Efficiency lessons from Germany

US nearly last place for efficiency.


Just days after its national soccer team became world champions, Germany won another less glamorous but important competition: It was ranked number one in energy efficiency by the American Council for an Energy-Efficient Economy. The United States, meanwhile, showed even less proficiency for efficiency than for soccer. It finished a dismal 13th place out of 16 countries, beating out only Brazil, Russia and Mexico.

Somehow, I doubt that the poor ranking will bruise American pride. After all, as a nation we tend to look upon efficiency and conservation with about as much fondness as Ann Coulter has for soccer. We mistakenly conflate consuming less power with having less power, and thus see efficiency as impotence — a world of slow cars, dim lightbulbs, tepid showers and unbathed, tofu-eating wimps. We live in a land of abundance, especially those of us in the American West, so have no pressing need to make do with less. And even when we try to wean ourselves from fossil fuels, we tend to emphasize the more — more solar plants, more wind farms, more desert covered with gleaming mirrors — than on simply consuming less in the first place.

Efficiency hasn't slowed growth in Germany. Here, cranes construct hundreds of new housing units alongside a huge, new park in central Berlin. It was made possible in part by federal laws that require developers to fund green spaces. Photo by Jonathan Thompson.

Germany, meanwhile, is in the throes of its Energiewende — the transition away from coal and nuclear towards renewable energy sources. During the first half of 2014, nearly one-third of Germany’s electricity came from renewable sources. They’ve accomplished this, in part, by a strong feed-in-tariff policy that incentivizes the installation of rooftop solar or small- to medium-scale wind power. Often overlooked, though is the less sexy side of the Energiewende: A policy to reduce energy consumption by 20 percent by 2020 (compared to 2008 levels) and a whopping 50 percent by 2050 via higher building standards, better appliances and the like. Thus the number one ranking in energy efficiency.

Steve Snyder
Steve Snyder Subscriber
Jul 22, 2014 02:44 PM
Not quite true on Germany and coal. Post-Fukushima, it upped coal usage hugely. Now, in the long term, it may reduce coal use further. But, that may happen in part only if European countries start fracking for natural gas. Here's the coal numbers, anyway: http://www.ft.com/intl/cms/[…]abdc0.html?siteedition=intl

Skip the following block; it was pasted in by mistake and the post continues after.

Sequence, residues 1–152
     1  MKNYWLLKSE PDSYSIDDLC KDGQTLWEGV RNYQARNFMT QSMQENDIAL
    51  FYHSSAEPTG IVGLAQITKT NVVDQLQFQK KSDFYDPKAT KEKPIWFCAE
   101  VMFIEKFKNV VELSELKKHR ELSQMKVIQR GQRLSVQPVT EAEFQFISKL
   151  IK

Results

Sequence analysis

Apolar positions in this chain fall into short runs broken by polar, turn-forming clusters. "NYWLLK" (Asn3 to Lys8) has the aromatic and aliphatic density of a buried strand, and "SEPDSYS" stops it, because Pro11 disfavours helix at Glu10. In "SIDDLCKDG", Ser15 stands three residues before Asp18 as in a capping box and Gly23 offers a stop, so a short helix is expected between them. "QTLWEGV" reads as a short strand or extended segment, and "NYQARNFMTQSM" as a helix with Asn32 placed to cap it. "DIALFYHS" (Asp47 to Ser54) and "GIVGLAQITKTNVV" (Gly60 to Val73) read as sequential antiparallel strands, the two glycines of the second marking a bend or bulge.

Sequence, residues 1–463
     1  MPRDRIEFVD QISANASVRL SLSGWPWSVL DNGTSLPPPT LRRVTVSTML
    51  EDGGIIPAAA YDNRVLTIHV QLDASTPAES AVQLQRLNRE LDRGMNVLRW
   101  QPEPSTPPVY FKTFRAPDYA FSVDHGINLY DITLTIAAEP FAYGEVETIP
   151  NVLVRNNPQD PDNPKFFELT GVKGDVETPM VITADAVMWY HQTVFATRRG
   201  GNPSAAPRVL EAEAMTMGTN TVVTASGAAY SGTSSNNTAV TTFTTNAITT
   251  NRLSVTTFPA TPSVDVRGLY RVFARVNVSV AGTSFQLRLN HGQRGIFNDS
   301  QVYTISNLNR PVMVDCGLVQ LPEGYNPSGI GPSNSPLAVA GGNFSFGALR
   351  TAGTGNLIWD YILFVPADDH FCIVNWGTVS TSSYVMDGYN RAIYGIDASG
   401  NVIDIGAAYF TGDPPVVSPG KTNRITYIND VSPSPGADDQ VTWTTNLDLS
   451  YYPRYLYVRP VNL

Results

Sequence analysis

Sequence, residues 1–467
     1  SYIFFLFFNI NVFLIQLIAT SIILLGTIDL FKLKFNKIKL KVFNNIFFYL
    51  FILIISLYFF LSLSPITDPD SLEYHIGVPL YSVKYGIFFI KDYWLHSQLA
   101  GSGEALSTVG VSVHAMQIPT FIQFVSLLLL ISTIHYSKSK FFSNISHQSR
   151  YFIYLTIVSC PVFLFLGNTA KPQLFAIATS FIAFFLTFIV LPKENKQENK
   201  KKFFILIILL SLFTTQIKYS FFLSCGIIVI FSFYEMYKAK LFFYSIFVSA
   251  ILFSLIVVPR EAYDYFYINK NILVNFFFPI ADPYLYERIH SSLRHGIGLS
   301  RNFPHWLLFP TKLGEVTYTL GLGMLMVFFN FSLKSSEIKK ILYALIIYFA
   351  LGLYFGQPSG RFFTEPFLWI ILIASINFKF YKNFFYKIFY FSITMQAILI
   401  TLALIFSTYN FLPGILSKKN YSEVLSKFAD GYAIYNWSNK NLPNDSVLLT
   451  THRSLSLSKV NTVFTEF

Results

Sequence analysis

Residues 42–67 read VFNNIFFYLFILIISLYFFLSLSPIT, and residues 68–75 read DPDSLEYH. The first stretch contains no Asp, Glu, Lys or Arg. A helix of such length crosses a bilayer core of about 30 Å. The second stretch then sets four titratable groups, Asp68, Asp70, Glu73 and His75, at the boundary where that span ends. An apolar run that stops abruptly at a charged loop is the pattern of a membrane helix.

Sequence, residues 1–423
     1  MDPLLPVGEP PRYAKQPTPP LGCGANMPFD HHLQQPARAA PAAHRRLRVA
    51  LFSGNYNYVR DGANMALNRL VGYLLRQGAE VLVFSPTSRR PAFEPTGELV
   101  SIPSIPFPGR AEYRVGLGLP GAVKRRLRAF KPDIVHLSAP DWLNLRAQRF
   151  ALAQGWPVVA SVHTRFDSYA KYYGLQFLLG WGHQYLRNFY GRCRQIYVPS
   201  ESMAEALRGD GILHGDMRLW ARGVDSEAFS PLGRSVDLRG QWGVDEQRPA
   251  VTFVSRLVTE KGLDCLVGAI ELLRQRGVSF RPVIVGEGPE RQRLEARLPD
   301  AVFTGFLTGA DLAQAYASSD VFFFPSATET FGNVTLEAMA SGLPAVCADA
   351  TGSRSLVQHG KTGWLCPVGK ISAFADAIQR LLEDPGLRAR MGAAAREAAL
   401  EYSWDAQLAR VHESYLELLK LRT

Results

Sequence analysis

Steve Snyder
Steve Snyder Subscriber
Jul 22, 2014 02:51 PM
I should be specific that, post-Fukushima, Merkel actually reverted to the original nuclear phase-out approved before by Schroeder and the Social Democrats. Details here. http://theenergycollective.[…]t-leading-more-coal-burning
Jonathan Thompson
Jonathan Thompson Subscriber
Jul 22, 2014 09:15 PM
Steve, yes, Germany's coal use is up from recent years, but still is 12 percent lower than in 2003. (I refer to overall coal use: lignite+hard coal) https://www.hcn.org/blogs/g[…]l-addiction-to-fossil-fuels
Jerry Nolan
Jerry Nolan Subscriber
Jul 24, 2014 07:33 AM
Good to hear Germany is trying to use less electricity as they increase their use of coal. "Between 2011 and 2015 Germany will open 10.7 GW of new coal fired power stations. This is more new coal coal capacity than was constructed in the entire two decades after the fall of the Berlin Wall." from http://theenergycollective.[…]t-leading-more-coal-burning
Robert Krantz
Robert Krantz Subscriber
Jul 27, 2014 11:56 AM
Hi, Jonathan. Two comments:

First, can the US do better? Certainly--and we are largely on a trajectory to do that. House sizes decline, residential densities increase, and energy efficiencies improve. In an absolute sense, we already do pretty well while maintaining or improving living standards for most of us. My favorite number is 2.5--that's the number of gallons of crude oil each of us in the US uses each day, on average--and that's for everything, fuel for transportation (you, me, airlines, UPS, the Navy), feedstock for plastic and other chemical products, road paving, etc. (2013 numbers from US EIA).

Second, speaking of living standards, most of us would indeed have to make some compromises to live more like Germans. I have enjoyed summer days without AC in both Germany and Durango, but not so much in Houston.
Charles Yoder
Charles Yoder Subscriber
Jul 28, 2014 09:51 AM
"Annual auto vehicle miles per capita: Germany, 3.9. United States, 5.7."
Surely there are some missing zeros in this factoid.
Jonathan Thompson
Jonathan Thompson Subscriber
Jul 28, 2014 12:53 PM
Charles: Yes, you're right! It should be, "... miles per capita, in thousands." Now corrected. Also, I should point out that these are older figures. But Germans have consistently driven about half the number of vehicle miles as Americans, on a per capita basis.